- Oskar Blues Brewery in Longmont and elsewhere is a funky little brewpub that started the craft-beer-in-a-can craze ten years ago with Dale’s Pale Ale. Oskar Blues has its own Hops & Heifers Farm with a two-acre hops field in addition to growing its own vegetables, Black Angus Cattle and Berkshire Pigs to supply their restaurants. They also use spent grain from the brewing process to supplement feed for the animals, and they host beer dinners at their farm.
- Ska Brewing Company’s signature True Blonde and True Blonde Dubbel include local honey from Durango’s own Honeyville. It also brews Hoperation Ivy, a wet-hop IPA that coincides with the Colorado hop harvest each August. Hoperation Ivy is made entirely with ingredients sourced in Colorado including organic hops from Leroux Creek Farms in Hotchkiss, and malt from the Colorado Malting Co. in Alamosa.
- Twisted Pine Brewing Company in Boulder has also utilized local resources as often as possible. Last year, the brewery started the Farm to Foam series, using only ingredients sourced in state. The initial beer in the series, Roots Revival, introduced carrots grown just north of Boulder into an American-style Pale Ale. The latest offering from the series is the Cucumber Cream Ale utilizing Crystal hops from Olathe and fresh English cucumbers from the 2 R’s Farm in Platteville.
- Wynkoop Brewing Company in Denver’s Lower Downtown (LoDo) is Colorado’s first brewpub celebrating its 25th year of pioneering, small-batch liquid art. The latest small-batch canned good is Belgorado, a Belgian-style IPA made with Colorado-grown malts and hops. The malted barley is grown and malted by Colorado Malting Company in Alamosa. The whole-leaf and pelletized hops come from Misty Mountain Hop Farm in Olathe. Wynkoop famously launched founder John Hickenlooper into a political career, first as mayor of Denver and now as governor of Colorado.
- Augustina’s Winery in Boulder is a one-woman operation creating novel and unexpected blends from unusual grapes sourced from Colorado farms. The Venus de Vino Table Wine is made from Boulder’s Leistikow Farms Marechal Foch grapes. Augustina’s Winery makes sure that each and every bottle has its own personality and purpose including wines that go with backpacking adventures, mystery novels and gingersnaps.
- Canyon Wind Cellars in Palisade is a family-owned, estate winery that does everything on-property from growing the grapes through winemaking and bottling. The award-winning, signature wines utilize sustainable and low-intervention winemaking practices including a computer controlled drip watering system, a complete weather and soil moisture monitoring system and no use of herbicides.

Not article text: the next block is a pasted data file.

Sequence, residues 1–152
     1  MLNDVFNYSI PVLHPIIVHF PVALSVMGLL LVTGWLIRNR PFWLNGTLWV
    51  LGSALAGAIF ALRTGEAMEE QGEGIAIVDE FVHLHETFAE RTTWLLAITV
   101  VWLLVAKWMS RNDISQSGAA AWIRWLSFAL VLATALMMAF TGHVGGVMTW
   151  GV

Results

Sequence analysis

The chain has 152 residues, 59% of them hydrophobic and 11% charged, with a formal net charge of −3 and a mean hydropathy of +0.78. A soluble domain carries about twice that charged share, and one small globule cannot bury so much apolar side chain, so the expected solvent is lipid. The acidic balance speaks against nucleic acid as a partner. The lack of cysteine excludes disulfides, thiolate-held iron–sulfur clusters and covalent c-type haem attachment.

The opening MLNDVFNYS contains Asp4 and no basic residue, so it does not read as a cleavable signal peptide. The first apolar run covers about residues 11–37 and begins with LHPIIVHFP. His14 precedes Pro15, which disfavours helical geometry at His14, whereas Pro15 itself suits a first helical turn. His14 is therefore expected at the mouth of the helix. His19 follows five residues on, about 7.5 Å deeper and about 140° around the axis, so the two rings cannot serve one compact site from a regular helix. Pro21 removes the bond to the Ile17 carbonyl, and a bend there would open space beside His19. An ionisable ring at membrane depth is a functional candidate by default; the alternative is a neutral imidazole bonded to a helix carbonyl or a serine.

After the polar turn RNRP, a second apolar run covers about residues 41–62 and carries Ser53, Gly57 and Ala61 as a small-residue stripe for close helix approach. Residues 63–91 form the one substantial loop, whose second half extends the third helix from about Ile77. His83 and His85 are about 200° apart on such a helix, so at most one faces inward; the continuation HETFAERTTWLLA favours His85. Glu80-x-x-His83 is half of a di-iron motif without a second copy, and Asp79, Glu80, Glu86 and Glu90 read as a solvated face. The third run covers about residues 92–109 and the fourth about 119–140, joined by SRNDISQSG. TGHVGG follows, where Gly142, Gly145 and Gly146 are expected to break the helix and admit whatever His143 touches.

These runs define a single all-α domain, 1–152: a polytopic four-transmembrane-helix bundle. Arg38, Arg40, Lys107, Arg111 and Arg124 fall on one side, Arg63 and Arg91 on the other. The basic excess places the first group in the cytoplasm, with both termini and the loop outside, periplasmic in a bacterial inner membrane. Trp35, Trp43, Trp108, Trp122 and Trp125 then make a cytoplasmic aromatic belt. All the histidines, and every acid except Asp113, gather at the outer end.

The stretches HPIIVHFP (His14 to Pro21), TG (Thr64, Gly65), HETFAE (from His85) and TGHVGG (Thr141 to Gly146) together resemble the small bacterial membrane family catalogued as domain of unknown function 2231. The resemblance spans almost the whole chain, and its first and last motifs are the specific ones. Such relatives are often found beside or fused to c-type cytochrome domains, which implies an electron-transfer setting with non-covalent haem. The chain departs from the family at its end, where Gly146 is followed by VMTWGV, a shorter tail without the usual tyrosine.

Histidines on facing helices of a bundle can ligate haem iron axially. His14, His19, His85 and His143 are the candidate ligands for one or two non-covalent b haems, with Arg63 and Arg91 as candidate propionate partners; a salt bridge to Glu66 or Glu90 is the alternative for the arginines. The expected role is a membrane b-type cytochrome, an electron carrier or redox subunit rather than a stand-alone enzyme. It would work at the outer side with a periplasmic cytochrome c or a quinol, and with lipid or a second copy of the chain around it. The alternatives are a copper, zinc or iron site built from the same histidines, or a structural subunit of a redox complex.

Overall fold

- Sutcliffe Vineyards‘ 12 acres nestled at the foot of the Sleeping Ute Mountain in Southwestern Colorado are planted with Merlot, Chardonnay, Cabernet Franc, Syrah and Petit Verdot .The estate and 22 additional sustainably and responsibly farmed acres are overseen by three farmers who meticulously farm, harvest and vinify. Eschewing the adding of tannins, color enhancers or acid, they allow the wines to reflect the grapes.
- Terror Creek Winery in Paonia is reputedly the highest commercially operating vineyard and winery in the Northern Hemisphere. It cultivates some of the original grapes planted on the Western Slope from the Four Corners Research Project in the mid-1970s. Winery owner Joan Mathewson trained in winemaking in Switzerland and uses many of the traditional central European methods for trellising and training her vines.
- The Winery at Holy Cross Abbey in Cañon City began as an extension of the next-door Benedictine Abbey and exists independently today. It buys some of its fruit from the nearby state penitentiary’s vineyard and orchard management rehab program, but it also created Wild Canyon Harvest from the grapes picked by area residents from backyard vines and growing wild, which are remnants of the thriving grape growing and winemaking at the end of the 19th century. Now many of those original, resilient vines are still growing in backyards and open space.